A Rightful Place for Public Health in American Law

Journal of Law, Medicine and Ethics 30 (2):302-304 (2002)
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Abstract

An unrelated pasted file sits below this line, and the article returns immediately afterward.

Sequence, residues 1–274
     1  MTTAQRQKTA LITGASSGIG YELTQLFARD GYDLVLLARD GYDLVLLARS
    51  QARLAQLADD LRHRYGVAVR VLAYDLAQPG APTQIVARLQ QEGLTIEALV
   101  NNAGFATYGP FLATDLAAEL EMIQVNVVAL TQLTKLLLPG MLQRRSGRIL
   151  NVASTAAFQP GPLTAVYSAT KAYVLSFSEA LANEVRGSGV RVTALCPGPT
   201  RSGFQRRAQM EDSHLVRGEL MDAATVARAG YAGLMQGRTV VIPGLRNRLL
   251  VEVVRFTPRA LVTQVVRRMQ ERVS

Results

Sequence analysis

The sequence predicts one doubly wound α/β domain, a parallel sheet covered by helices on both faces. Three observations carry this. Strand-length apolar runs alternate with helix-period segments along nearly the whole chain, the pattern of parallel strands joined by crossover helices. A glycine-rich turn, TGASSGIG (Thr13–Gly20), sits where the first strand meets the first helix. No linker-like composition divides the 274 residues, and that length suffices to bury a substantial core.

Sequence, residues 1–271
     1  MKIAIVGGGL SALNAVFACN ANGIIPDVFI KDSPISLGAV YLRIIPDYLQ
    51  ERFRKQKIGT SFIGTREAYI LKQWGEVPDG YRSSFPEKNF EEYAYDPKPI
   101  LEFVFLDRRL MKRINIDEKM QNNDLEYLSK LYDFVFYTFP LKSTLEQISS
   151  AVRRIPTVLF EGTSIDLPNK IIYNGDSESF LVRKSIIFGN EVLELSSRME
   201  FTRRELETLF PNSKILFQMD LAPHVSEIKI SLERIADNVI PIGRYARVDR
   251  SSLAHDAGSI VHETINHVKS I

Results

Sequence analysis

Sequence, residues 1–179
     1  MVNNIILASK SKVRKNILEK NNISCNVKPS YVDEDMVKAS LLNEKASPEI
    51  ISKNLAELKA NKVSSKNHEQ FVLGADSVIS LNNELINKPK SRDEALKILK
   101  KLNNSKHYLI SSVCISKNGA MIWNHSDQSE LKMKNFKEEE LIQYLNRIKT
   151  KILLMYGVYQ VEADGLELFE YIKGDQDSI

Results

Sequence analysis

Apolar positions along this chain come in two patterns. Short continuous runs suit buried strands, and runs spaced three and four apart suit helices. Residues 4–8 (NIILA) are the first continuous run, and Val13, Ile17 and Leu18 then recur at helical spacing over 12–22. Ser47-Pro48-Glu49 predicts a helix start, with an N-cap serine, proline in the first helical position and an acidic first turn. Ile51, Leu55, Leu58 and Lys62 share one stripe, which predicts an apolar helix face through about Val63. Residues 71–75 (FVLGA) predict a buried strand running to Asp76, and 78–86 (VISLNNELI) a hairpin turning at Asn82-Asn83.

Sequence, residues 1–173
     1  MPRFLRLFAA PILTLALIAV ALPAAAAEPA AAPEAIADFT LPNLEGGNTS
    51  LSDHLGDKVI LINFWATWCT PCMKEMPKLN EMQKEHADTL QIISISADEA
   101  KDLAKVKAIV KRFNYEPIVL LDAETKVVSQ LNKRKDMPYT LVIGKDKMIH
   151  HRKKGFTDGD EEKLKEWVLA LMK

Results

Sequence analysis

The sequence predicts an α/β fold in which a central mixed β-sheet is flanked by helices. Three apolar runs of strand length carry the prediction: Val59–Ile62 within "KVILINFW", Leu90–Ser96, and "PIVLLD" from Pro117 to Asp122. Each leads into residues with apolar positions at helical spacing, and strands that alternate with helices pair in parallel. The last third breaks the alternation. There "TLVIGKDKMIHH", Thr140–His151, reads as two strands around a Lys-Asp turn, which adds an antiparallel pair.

The practice of law has changed greatly since the days when judges based decisions on the maxim salus populi suprema lex, and Oliver Wendell Holmes disagreed, noting that “experience” has been the “life of the law.” In the intervening years, the profession has followed Holmes and the legal realists in recognizing that the law does not exist in a vacuum. It is a human endeavor, molded by experiences and filled with human consequences. Today, lawyers, jurists, and legal scholars everywhere on the political spectrum recognize the importance of social context, history, and a variety of non-legal disciplines, and non-legal insights to the intelligent practice of the law Unfortunately, in rejecting the old maxims, the legal profession also lost sight of the fundamental truth of salus populi suprema lex, Latin for “the health of the people is the highest law” - namely, it has lost sight of the truth that a population’s health is a critical part of law’s social context. One of the consequences of this is that the profession has failed to include public health - the study of the causes and prevention of disease, disability, and death in populations - among the non-legal disciplines regularly incorporated into legal analysis and routinely taught to all would-be lawyers. It is time to correct this oversight.

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